The services of a pain specialist may be necessary if the pain is intractable and severe.

Also, the services of a physician experienced with hyperbaric oxygen (HBO) therapy may be necessary if this modality is considered in intractable proctitis.

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Diet

Although no restriction on activity is necessary, on the basis of animal studies, a low-fat diet is recommended, with the intention of reducing pancreatic and biliary secretions to decrease radiation damage. A low-fat, low-residue, and lactose-free diet has been tried with some suggested success. Elimination of insoluble fiber from the diet with the substitution of soluble fiber has been tried.

Findings from animal studies suggest that glutamine-supplemented diets (eg, polymeric, elemental) may be protective against radiation injury.

Consider an elemental diet or the use of total parenteral nutrition as the clinical situation demands. A recent Italian retrospective study in patients with mechanical bowel obstruction due to chronic radiation enteritis showed that initial treatment with bowel rest and home parenteral nutrition was superior to initial surgical intervention in long-term survival and nutrition autonomy.

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Prevention

Note the following:

  • Prevention is the single most important element in dealing with intestinal radiation injury.

  • Although pretreatment calculation of the dose is important, sensitive probes have been replaced by computer calculations. Three-dimensional treatment-planning techniques have been employed and have been shown to be more accurate and safer.

  • A small decrease in radiation (as small as 10%) with an increase in the duration may reduce adverse effects significantly without affecting the total radiation dose.

  • Pretreatment barium contrast studies to determine how much of the small intestine is in the pelvis might be a guide in custom shielding.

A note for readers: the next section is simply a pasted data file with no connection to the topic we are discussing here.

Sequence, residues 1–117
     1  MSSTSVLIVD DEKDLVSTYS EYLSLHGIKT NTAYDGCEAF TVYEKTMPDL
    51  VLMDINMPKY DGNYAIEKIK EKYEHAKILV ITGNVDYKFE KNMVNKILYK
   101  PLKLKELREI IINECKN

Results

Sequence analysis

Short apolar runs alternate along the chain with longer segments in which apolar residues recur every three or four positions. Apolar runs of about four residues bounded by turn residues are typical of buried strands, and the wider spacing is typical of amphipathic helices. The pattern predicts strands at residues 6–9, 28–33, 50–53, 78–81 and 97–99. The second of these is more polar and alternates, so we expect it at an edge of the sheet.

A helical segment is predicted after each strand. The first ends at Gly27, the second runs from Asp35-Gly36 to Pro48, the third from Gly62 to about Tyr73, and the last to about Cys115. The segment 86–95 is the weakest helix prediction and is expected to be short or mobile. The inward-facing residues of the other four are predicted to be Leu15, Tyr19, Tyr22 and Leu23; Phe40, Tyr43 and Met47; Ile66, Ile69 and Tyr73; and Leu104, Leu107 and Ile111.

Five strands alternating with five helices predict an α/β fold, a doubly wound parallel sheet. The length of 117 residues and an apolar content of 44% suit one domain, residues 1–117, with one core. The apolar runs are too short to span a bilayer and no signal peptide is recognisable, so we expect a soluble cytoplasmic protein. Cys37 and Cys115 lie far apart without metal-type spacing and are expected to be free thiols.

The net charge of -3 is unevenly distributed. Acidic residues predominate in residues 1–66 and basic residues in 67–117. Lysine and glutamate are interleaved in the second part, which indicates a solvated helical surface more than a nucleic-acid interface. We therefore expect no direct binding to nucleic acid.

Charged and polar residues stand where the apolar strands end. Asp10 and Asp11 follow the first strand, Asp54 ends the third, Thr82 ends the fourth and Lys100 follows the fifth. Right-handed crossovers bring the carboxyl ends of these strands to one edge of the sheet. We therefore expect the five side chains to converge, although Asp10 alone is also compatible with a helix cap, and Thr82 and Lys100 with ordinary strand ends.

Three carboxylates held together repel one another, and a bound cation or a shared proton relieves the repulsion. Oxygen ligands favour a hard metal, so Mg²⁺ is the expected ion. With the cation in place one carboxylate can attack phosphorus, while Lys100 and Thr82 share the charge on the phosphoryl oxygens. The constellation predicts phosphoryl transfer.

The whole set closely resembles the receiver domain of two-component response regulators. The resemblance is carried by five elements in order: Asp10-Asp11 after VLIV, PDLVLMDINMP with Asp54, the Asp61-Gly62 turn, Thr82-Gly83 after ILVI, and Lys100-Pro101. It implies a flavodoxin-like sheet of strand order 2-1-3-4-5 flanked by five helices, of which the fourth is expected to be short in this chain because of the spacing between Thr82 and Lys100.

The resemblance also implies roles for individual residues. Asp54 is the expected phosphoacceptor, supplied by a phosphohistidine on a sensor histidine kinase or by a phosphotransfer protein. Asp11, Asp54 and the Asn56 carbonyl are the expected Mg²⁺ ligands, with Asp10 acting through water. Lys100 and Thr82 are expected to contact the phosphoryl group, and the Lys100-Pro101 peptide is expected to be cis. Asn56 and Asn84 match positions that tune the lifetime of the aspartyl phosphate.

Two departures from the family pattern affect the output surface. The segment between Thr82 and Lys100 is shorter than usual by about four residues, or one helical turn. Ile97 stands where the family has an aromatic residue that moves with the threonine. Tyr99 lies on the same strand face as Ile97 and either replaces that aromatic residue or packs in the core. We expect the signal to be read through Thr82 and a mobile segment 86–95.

• Filling the urinary bladder may push the small bowel away from the pelvis.

  • Body positioning in the prone position, decubitus, or the Trendelenburg position may be helpful. A special table with a central cavity, which allows the bowel loops to drop away from the target tissue, has been described.

Investigational pharmacologic therapy

A number of promising innovative pharmacologic therapies are being studied. [11, 12, 13]  Unfortunately, most of the data are from animal studies, and trials in humans are lacking. These agents include antioxidants in the form of vitamin E and vitamin E-like compounds, as well as the lazaroids (ie, 21-amino steroids) and, more recently, octreotide.

Although nonsteroidal anti-inflammatory drugs have shown some promise in animal studies, the results with a prostaglandin analogue, misoprostol, have been less than satisfactory.

Other emerging therapies include intravenous and intra-arterial vasopressin, epidermal growth factor, growth hormone, and nitric oxide (NO) inhibitors.

Sucralfate therapy in doses varying from 1 g every 4-6 hours during treatment and for another 3-4 weeks thereafter has been shown to be effective during pelvic irradiation. However, a more recent study showed that oral sucralfate was not effective in preventing late rectal injury in patients with prostate cancer.